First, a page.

Additional Probate Questions & Answers

 

Generally speaking, “probate” is the process in which an individual's estate is concluded upon death, including the collection of assets, payment of debts, and the distribution of the balance of the decedent's assets to the beneficiaries. A probate proceeding effectively passes title of a decedent’s assets to those entitled to them. Also commonly referred to as “estate administration”, probate is the method by which the rights of all interested parties in a decedent’s estate are determined. “Interested parties” includes heirs (those entitled to inherit by state law in situations where no Will exists or the Will does not cover all assets governed by the Probate Court), Will beneficiaries, creditors, and taxing authorities.

The purpose of probate is to determine who is rightfully entitled to the property of the deceased, including creditors.  The probate process is also used to appoint a Personal Representative to administer the estate. In some situations, the probate process is used to determine the validity of a Will.

No. A probate proceeding may involve either formal or informal procedures. Traditionally, probate proceedings were governed by formal procedures that required the probate court to hold hearings and issue orders involving routine matters. Consequently, the legal costs of probating an estate could be substantial. States that have adopted the Uniform Probate Code (which include both North Dakota and Minnesota) on probate procedures allow informal probate proceedings that remove the probate court from most stages of the process, with the result that informal probate is cheaper and quicker than formal probate. Most small estates benefit from an informal probate proceeding.

The probate process begins when the personal representative files with the clerk of the probate court a copy of the death certificate along with the Will and a petition to admit the Will to probate and to grant letters testamentary, which authorize him or her to distribute the estate. Although the personal representative usually files the probate petition, it can be filed by any person who has a pecuniary interest in the estate. The personal representative must elect whether to proceed with formal or informal probate at the time of filing. However, a probate proceeding may be switched from informal to formal during the course of administration, should the need arise.

In a formal probate proceeding, a hearing must be held to establish the death of the testator, the residency of the decedent, the genuineness of the will, its conformance with statutory requirements for its execution, and the competency of the testator at the time the will was made. These requirements are usually fulfilled by the attesting witnesses who were present at the time the will was made and who certify that it was properly executed. The number of attesting witnesses is prescribed by law. If fewer than the required number witness a will, it may be declared void, and the testator's property will pass according to the laws of descent and distribution (also known as “intestacy”).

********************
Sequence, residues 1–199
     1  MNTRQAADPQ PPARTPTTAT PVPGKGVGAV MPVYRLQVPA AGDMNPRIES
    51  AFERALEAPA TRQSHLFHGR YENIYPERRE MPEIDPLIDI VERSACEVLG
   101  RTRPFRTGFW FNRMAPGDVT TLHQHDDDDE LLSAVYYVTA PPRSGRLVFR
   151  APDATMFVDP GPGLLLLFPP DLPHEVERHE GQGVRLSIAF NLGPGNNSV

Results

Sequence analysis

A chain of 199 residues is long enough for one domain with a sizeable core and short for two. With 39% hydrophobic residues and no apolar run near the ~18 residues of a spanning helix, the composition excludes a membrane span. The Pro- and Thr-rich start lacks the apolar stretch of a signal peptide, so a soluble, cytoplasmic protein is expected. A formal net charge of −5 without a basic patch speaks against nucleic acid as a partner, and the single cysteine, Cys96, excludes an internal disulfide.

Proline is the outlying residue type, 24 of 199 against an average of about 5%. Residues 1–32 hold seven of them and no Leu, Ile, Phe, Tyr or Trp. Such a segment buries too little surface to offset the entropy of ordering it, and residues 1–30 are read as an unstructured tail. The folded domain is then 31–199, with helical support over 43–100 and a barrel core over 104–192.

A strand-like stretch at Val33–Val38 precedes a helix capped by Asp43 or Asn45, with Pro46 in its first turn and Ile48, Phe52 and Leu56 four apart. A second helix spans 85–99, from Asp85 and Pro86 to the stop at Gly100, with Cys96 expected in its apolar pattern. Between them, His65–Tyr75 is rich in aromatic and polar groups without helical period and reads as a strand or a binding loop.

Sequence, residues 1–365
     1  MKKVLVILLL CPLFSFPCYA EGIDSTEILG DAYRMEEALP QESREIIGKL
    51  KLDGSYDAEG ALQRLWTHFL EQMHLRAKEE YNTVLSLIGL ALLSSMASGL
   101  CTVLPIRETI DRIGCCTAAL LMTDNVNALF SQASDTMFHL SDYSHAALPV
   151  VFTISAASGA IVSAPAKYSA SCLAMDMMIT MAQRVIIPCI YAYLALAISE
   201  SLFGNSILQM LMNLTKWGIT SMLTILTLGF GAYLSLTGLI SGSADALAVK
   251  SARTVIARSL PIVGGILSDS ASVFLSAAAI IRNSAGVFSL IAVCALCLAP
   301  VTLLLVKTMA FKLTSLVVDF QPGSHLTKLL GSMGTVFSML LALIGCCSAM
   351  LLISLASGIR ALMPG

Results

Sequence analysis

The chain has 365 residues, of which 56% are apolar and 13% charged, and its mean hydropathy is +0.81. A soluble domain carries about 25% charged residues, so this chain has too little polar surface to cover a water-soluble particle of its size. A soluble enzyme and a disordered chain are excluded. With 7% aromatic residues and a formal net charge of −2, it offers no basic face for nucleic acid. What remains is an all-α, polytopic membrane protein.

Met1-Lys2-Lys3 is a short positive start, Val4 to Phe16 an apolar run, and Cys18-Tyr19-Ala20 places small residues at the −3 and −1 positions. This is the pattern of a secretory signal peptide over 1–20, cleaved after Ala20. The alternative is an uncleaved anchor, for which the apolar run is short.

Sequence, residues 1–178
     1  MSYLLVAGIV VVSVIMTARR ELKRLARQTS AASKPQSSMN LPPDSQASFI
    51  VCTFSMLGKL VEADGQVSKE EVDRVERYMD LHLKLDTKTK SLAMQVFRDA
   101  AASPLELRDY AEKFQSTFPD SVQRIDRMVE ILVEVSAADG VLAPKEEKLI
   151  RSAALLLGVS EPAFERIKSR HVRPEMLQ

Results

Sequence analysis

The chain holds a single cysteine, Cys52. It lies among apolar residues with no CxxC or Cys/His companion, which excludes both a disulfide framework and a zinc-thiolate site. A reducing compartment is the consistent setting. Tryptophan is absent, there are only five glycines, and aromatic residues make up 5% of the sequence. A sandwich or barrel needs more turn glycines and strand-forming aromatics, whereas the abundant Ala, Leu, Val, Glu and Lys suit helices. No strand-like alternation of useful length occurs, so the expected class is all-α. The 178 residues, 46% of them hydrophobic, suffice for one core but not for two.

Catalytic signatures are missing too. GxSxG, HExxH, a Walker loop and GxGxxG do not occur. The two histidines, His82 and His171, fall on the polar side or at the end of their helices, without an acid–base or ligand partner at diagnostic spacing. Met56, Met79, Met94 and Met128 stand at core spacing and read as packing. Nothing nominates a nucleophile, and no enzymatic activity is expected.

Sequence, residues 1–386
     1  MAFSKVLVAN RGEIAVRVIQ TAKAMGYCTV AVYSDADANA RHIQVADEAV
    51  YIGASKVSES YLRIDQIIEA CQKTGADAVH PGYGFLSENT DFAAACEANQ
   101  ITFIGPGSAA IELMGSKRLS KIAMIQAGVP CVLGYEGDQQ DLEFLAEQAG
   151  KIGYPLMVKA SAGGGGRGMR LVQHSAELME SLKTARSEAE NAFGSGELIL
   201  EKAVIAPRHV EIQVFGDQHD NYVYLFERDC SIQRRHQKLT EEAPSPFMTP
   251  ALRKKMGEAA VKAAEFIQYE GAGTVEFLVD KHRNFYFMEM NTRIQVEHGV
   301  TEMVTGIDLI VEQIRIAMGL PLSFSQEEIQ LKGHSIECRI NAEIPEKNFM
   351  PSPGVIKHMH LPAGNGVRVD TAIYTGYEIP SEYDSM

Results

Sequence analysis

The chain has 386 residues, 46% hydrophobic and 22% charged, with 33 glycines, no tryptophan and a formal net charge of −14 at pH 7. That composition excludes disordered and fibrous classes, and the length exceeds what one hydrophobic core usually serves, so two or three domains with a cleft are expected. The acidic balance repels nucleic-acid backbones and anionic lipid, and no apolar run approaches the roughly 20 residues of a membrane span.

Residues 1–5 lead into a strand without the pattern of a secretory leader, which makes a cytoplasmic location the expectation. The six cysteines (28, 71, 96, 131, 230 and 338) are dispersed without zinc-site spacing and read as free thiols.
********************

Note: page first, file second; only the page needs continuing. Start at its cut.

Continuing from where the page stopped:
When some or all of the witnesses to a will are unavailable, special steps are taken. If the required witnesses have died before the testator, the person offering the will must offer proof of death, in addition to evidence of the genuineness of the signatures and any other proof of execution available. The UPC simplifies witness issues by permitting the admission of "self-authenticating" wills. These wills contain a statement signed by the witnesses that attests to the competency of the testator and other statutory requirements. Self-authentication relieves the witnesses of the burden of appearing in court and the personal representative of costly procedures if the witnesses are unavailable.

If no one objects to the will at the hearing, it will be admitted to probate.

Informal probate proceedings generally do not require a hearing. The personal representative files the death certificate and will, along with a petition to admit the will under informal probate. The clerk of probate court reviews the submissions and recommends to the court that the will be probated. Once the court issues the order for informal probate, the personal representative files a series of forms that demonstrate that notice has been given to all interested parties about the probate, the decedent's creditors have been paid, and the estate's assets have been collected, appraised, and distributed to the designated heirs.